Forty Years of Fiat Money: A Lament

August 15, 1971…a date which will live in infamy.

Behind closed doors and under a cloak of silence, President Nixon and his trusted team of Treasury officials and economic advisors decided on one of the most dramatic economic moves in American history:  They removed the dollar from the gold standard. The decision came at a time of economic uncertainty, and an impending $3 billion gold buy by Great Britain, in an effort to make the dollar more flexible and avert economic panic in the future from potential gold shortages. Little did they know that this fateful day would gave rise to four decades of inflation, greed, and economic hardship.

The notion back then was that money meant wealth, and a free currency would make Americans more wealthy. According to economist Warren Brookes, this is a false assumption, often dubbed the “money illusion” because money is not an indicator of a nation’s wealth. In Mr. Brooke’s case, wealth is defined as the quality of one’s labor, and what is produced through it, hence material wealth. The role of money is the “middle man” in an economy. It’s a commonly held item of wealth that is exchanged for goods people need. Since swapping goods directly is difficult and cumbersome, a money system makes trade easier. Gold was the most valuable asset people had, so for millennia, that was the standard for most of the world’s paper currency.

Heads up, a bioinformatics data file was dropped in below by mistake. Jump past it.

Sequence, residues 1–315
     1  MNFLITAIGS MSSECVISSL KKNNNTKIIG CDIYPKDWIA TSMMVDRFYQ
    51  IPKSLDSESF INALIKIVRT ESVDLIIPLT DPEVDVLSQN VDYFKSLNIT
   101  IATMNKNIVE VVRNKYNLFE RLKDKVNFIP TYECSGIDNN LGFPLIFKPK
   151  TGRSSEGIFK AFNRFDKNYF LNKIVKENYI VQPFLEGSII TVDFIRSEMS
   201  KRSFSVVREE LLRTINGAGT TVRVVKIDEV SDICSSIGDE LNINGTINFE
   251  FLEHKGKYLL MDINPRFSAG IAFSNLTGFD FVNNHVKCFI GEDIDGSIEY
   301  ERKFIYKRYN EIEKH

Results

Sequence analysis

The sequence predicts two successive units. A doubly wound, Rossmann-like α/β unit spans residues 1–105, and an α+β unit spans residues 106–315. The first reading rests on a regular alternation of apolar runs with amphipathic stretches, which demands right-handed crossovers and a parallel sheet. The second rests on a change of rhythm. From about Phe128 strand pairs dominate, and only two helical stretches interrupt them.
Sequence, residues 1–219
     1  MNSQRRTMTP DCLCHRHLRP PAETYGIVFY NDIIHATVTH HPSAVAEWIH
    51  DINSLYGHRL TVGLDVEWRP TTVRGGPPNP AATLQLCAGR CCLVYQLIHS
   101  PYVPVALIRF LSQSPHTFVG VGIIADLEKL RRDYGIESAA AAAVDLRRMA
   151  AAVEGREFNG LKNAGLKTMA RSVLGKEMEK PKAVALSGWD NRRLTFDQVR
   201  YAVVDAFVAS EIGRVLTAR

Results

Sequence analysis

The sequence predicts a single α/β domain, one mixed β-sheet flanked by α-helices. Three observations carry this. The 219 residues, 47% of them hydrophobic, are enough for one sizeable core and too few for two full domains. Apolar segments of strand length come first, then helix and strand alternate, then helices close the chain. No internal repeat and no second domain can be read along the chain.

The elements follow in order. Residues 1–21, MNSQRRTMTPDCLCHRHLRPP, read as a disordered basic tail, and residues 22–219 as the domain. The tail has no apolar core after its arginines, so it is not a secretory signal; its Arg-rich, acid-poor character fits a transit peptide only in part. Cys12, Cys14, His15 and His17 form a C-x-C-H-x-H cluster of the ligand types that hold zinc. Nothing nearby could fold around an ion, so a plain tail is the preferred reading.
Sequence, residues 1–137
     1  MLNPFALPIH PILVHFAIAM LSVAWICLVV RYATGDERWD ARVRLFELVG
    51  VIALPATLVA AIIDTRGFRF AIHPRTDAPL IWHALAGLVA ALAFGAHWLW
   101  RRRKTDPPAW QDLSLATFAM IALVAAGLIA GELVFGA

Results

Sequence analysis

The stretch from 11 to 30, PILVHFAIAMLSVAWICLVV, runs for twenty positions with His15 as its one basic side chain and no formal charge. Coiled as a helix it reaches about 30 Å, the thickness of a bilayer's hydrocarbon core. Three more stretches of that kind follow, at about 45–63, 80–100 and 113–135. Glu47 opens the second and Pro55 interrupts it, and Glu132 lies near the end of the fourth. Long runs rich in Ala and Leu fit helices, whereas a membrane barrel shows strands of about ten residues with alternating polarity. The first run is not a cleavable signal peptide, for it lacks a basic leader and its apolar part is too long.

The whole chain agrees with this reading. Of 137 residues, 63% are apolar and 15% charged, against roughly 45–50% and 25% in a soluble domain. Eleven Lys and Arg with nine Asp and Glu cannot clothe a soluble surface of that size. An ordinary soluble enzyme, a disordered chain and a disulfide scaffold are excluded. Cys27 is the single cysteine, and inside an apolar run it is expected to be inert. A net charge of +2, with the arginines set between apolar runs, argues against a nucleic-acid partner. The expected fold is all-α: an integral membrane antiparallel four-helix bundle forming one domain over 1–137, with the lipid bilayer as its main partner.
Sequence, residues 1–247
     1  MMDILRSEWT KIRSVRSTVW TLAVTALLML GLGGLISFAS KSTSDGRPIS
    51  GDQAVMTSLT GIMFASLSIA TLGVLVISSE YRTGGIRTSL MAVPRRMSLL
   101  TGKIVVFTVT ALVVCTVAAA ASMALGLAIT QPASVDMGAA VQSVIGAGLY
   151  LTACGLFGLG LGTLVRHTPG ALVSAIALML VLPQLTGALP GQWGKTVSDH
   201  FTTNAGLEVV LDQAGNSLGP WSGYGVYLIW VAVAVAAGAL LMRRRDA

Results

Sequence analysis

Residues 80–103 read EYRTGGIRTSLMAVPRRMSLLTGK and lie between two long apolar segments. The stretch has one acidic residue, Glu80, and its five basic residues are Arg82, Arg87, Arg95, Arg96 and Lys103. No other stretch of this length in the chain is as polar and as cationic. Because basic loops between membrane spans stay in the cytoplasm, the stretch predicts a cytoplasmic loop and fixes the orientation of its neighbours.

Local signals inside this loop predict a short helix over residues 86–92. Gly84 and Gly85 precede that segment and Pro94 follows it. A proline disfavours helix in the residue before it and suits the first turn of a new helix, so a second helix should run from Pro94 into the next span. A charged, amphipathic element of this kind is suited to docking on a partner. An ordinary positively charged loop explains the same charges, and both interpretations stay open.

When President Nixon pulled us off the gold standard, he didn’t realize that while the dollar became a floating currency, gold was still a stable indicator of the price of goods. One comparison is looking at the value of gold against the price of oil, one of the most in-demand commodities today.

In 1971, gold stood at $35/oz., which would buy you roughly 15 barrels of oil at $2.30 each. As the dollar rapidly declined in the decade after the decision, the prices of gold and oil rose, yet the comparison between the two goods remained constant. In 1981, gold rose to $480/oz, but one ounce could still buy 15 barrels of oil at $32 each. Today, gold is at nearly $1800/oz, which can now buy 20 barrels of oil at $85 each. Using that as an indicator, it is realistic to believe that oil is due for a price hike in the near future, but it can be argued that if we maintained the gold standard, which is mandated by the constitution (Article 1, Sec. 8 & 10), oil would be worth the same as it was 40 years ago, and the oil crises probably would not have occurred.

By removing the United States from the gold standard, President Nixon made the mistake of thinking that the dollar could be more flexible and more accessible. In truth, the free flow of money lead to the dollar’s rapid decline in value, as investors turned to more stable forms of investment like gold, silver, and even rare stamps. The dollar as a stable currency ceased to be, and lead to the dangerous notion that you can print your way out of your problems now. Maybe you can, but then you’re left with pieces of paper that are worth less and less as gold prices go up and up. Nixon made that mistake 40 years ago, and we’re seeing the after affects of it today.

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